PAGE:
Now that the painful grief is behind me, I would like to tell you about the systematic failure of animal welfare organizations on both the state and county level.
When we witness any level of animal neglect/cruelty, emotions are quickly heated and we immediately cry out for justice. First we slander the person or the people who are responsible for the tragedy, but what do we say when we find out that this has been going on for multiple years? I concluded, that at some point over the past something went wrong. These animals slipped through the cracks of our justice system. I do not just mean the twenty-one animals I rescued, I mean the hundreds that did not make it.
We must change the laws, so rescues like this can be carried out in a much easier manner. Most emergencies do not allow time for planning. I had to think for solutions as I went along and unfortunately, there were not many. After about thirty phone calls, two of them yielded results. The other twenty-eight made me loop around, back to where I started.
Some of the actions I took prior to the rescue:
I have written a petition to the Newport District Court, asking to remove all animals. My petition was sent back to me with a sticky note “You are not part of the ongoing case”. I have written the Petition as Chelsea’s Footprints vs. Town of Croydon. I was happy that there was a case. I was wrong. The case was not relevant to ALL the animals.
I had ongoing contact with the NH State Representative who assured me ‘everything is under control, the town’s police chief and I are working together... thank you for your concern about this issue”
The Humane Society of the United States was also aware of the situation. We had countless phone calls and emails about the animals living in the home.
I had called the State Police (Troop C Barracks) multiple times, they listened to me but ultimately all was handed back over to the town’s chief of police.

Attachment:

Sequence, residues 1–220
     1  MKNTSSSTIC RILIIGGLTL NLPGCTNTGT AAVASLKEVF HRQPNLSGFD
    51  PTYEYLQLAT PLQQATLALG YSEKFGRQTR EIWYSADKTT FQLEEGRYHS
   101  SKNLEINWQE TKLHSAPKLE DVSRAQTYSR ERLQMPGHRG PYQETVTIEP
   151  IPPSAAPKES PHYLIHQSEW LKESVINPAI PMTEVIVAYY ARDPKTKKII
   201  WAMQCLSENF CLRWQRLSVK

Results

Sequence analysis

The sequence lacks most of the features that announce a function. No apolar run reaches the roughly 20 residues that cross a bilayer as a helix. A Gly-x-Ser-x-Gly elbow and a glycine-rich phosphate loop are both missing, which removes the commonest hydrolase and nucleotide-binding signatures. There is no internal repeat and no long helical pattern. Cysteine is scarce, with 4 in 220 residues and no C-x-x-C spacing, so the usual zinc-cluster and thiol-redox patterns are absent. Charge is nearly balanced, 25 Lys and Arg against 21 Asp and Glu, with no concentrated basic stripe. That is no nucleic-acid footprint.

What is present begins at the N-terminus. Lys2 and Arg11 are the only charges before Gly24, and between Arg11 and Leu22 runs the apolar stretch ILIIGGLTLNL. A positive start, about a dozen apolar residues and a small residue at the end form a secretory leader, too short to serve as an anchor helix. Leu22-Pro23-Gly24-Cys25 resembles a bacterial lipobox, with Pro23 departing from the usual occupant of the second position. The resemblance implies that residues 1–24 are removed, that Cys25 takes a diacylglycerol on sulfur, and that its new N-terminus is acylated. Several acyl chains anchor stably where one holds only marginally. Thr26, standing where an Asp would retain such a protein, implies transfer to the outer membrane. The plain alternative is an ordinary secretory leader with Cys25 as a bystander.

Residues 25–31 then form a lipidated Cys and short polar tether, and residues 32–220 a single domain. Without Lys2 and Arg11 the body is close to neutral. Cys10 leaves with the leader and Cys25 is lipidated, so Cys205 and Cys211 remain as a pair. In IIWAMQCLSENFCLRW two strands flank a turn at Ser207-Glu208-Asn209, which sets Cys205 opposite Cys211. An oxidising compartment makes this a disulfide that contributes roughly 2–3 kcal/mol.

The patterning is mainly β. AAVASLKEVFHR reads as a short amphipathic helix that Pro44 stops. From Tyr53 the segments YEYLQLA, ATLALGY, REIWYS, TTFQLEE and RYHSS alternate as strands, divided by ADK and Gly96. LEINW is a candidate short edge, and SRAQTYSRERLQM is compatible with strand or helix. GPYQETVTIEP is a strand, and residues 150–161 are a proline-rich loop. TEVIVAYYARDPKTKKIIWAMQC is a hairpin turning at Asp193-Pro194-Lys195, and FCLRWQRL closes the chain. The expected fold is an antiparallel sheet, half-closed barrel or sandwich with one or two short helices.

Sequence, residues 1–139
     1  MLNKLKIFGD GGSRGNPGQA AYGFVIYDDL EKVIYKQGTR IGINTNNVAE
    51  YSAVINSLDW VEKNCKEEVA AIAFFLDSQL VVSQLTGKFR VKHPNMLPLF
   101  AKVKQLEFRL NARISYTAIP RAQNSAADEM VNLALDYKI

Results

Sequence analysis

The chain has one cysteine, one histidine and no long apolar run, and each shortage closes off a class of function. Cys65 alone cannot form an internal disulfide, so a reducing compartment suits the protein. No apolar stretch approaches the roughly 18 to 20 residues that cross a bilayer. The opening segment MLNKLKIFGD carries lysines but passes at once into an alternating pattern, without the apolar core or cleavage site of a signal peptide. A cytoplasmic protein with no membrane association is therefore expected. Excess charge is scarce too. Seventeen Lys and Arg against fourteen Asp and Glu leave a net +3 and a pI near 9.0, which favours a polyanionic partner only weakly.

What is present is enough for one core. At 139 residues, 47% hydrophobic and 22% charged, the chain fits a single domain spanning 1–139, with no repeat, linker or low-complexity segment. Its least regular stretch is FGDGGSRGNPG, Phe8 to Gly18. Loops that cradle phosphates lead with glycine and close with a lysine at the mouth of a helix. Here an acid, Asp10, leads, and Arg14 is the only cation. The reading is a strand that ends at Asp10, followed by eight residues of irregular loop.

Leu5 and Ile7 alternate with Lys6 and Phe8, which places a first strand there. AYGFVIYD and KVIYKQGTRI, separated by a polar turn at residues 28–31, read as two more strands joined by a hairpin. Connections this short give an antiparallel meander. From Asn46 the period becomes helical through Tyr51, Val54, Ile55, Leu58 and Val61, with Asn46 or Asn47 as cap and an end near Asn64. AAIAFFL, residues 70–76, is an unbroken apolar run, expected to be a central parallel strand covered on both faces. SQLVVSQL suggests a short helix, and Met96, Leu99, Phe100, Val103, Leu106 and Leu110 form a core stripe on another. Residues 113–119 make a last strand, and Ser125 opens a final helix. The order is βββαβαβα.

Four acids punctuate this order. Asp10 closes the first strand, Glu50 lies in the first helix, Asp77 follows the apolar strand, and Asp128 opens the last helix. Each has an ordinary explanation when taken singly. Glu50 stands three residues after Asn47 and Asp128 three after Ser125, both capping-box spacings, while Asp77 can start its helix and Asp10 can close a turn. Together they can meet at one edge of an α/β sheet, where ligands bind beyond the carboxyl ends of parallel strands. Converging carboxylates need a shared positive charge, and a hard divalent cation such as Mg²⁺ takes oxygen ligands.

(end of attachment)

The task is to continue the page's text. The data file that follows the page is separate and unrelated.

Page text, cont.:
I have written, talked to the NH SPCA many times. Again, they thanked me for my concern and assured me everything was taken care of.
I have emailed the Board of Selectmen and offered my help to fundraise so that the town would not have to pay for the extra expense. I figured, surely, money must be an issue.
Even on the night of the rescue, I frantically begged a state trooper. “Please, call any shelter in NH and order them to open up. How about the SPCA?! You are a state trooper! I have 22 sick animals here. They need immediate attention.” – I got nowhere. The police officer apologized but could not help me. SAVES in Lebanon was not able to take them. No one on duty could make a decision.
The animals (all in immediate need of medical attention) have spent 18 hours in my home. Although I feel privileged to have experienced this soul-searching time, I do think that this should not be the norm.
Over the past eleven month, I felt I was receiving general courtesy but I saw no action. Nothing that made a difference. Nothing that made me relax. I kept on hearing about new puppies being sold and being ill. I knew, there were animals in the home but had no authority to knock on the door and ask to remove them all.
I felt my phone calls and emails became obnoxious and people rolled their eyes when my number showed up on their caller ID.
The fact that I was the one who got the animals out was the result of pure tenacity. Nothing else. In the future that is what I expect from everyone who has the authority to step in and make a difference.
I would like to also say, that even though the animals were in pitiful condition, the family suffered as well. The system let them down too. No one in their right mind gets up in the morning and says “today, I will be cruel to living creatures,” unless there is a serious illness of the mind. I feel empathy to everyone involved, but unfortunately, nothing can be achieved, until we take a side. In this case, I must side with the animals.
I wrote this not to judge, not to slander, not to create anger. I wrote this to bring attention to our system. I want to show you how mind-blowing it can be when your hands are tied yet you know there is suffering in our neighborhood.